Wednesday, June 24, 2009

Fruits of Protestantism?

A recent article that appeared in an English newspaper gave me pause. The title: Two thirds of teenagers in England apparently don't believe in God. This conclusion is the result of a poll of some sort was conducted by Penguin Books that found that the majority of English youth do not believe in God. Moreover, one in ten British teenagers that do believe in God also believe that a person is reincarnated as an animal after they die.

While I do have some questions pertaining to the accuracy of the study and I am somewhat skeptical of the article itself as we are talking about the Telegraph which is often anti-religious in general and states Catholic doctrines inaccurately almost as many times as some of the Protestant polemicists I have commented on, it does seem to mirror the general spiritual malaise I have perceived to exist in those European countries that happen to be predominately Protestant or traditionally so. (To be fair I do see this phenomenon to a lesser extent, in Catholic Europe as well).

Could there truly be something about Protestantism's five solas that is endemically inimical to faith in God? Or is Protestantism less immune than Catholicism to the heresy of modernism that seems to pervade all aspects of present-day society because of the devaluing of the role of Church in peoples' lives? Or perhaps Professor White will treat us to a sermon on how it is an established fact that the majority of British kids that denied the existence of God in that poll are practicing Catholics? Anyone have any thoughts on the subject?

2 comments:

Reginald de Piperno said...

Hello Paul,

I'm not sure that it's a fruit of Protestantism, but if it's not, then it's certainly a sibling born of the same father.

Protestantism throws off the authority of the Church in favor of the individual's conscience. But this is no more than what our culture has degenerated into with respect to almost everything, it seems: no one can tell you what's right or wrong; you must decide for yourself; what's true for you may not be true for me; etc: the sovereign individual, unfettered by anyone's authority, so long as he does not harm others.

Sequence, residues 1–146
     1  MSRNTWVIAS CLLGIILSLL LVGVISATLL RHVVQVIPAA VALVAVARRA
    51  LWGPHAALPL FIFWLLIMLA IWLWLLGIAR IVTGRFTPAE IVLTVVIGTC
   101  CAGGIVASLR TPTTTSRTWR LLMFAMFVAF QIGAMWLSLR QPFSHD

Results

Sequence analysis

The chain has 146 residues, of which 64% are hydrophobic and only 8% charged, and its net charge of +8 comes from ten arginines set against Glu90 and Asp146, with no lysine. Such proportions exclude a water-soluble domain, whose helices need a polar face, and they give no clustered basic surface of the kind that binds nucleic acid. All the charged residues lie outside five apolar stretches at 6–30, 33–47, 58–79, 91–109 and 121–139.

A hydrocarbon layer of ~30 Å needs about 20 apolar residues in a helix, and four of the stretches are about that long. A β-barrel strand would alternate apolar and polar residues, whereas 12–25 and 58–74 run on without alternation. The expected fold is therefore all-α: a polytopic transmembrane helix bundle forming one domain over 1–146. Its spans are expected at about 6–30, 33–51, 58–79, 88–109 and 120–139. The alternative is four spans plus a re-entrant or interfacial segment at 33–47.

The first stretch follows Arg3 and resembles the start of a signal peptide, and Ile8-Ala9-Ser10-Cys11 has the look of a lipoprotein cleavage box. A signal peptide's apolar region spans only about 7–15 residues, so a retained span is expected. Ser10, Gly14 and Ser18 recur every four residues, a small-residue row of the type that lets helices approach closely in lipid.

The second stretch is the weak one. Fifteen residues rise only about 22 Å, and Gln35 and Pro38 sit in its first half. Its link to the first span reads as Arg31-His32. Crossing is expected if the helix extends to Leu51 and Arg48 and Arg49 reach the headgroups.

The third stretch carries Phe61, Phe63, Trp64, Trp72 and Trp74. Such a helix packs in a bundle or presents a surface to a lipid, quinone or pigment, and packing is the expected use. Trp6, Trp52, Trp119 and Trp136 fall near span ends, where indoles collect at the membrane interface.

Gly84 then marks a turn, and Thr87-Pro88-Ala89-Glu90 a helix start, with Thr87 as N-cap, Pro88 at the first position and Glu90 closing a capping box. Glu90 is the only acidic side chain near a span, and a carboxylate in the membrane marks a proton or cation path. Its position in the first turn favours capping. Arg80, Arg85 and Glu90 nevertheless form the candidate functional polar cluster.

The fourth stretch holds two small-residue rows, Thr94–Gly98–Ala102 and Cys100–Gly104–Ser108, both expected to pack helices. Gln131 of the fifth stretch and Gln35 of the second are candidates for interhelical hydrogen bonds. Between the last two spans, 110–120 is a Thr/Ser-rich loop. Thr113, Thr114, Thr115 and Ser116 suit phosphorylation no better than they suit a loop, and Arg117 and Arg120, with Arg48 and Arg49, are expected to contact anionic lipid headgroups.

Now of course that's not to say that Protestantism is the same sort of cultural wreck as what is happening more generally in the West, but the exaltation of the individual's right to decide what the truth is for himself is the same in both cases: Bob Baptist and Paul Presbyterian both decide for themselves what the Bible teaches; Andy Atheist decides for himself what the truth is, too.

I'm not really qualified to defend this next point, but what few hints I've put together from reading about nominalism makes me think that this had something to do with both the rise of Protestantism and the Decline of the West. When nominalists deny universals and the moderate realism of St. Thomas and Aristotle, they reduce the Church from the very Body of Christ (in that mystical and sacramental sense we know) to a collection of men. But men make mistakes. Therefore the Church makes mistakes. Therefore we are not bound by the Church, but must resort to revelation alone; thus the philosophy of the nominalists lays the foundation for the rejection of the Church's authority.

(Or so I conceive the progression of how the thing may have happened).

Luther was an Ockhamist, as reported by Bainton.

Anyway, I don't know if I have even a scintilla of a clue here. But you did ask for thoughts, so here they are :-)

Peace,

RdP

Agellius said...

I was going to say what Reg said, but then found that he had already said it. It has been my understanding that the Reformation begat the Enlightenment, which begat Modernism. As Reg says, it all flows from private judgment.

Catholic countries have now been poisoned by formerly Protestant countries. Primarily due to their having been historically more economically "successful" (though the meaning of that term may be debated), Catholic countries have imported their culture while allowing their own to be weakened. This is why the decay is somewhat slower in Catholic countries, but is occurring nevertheless.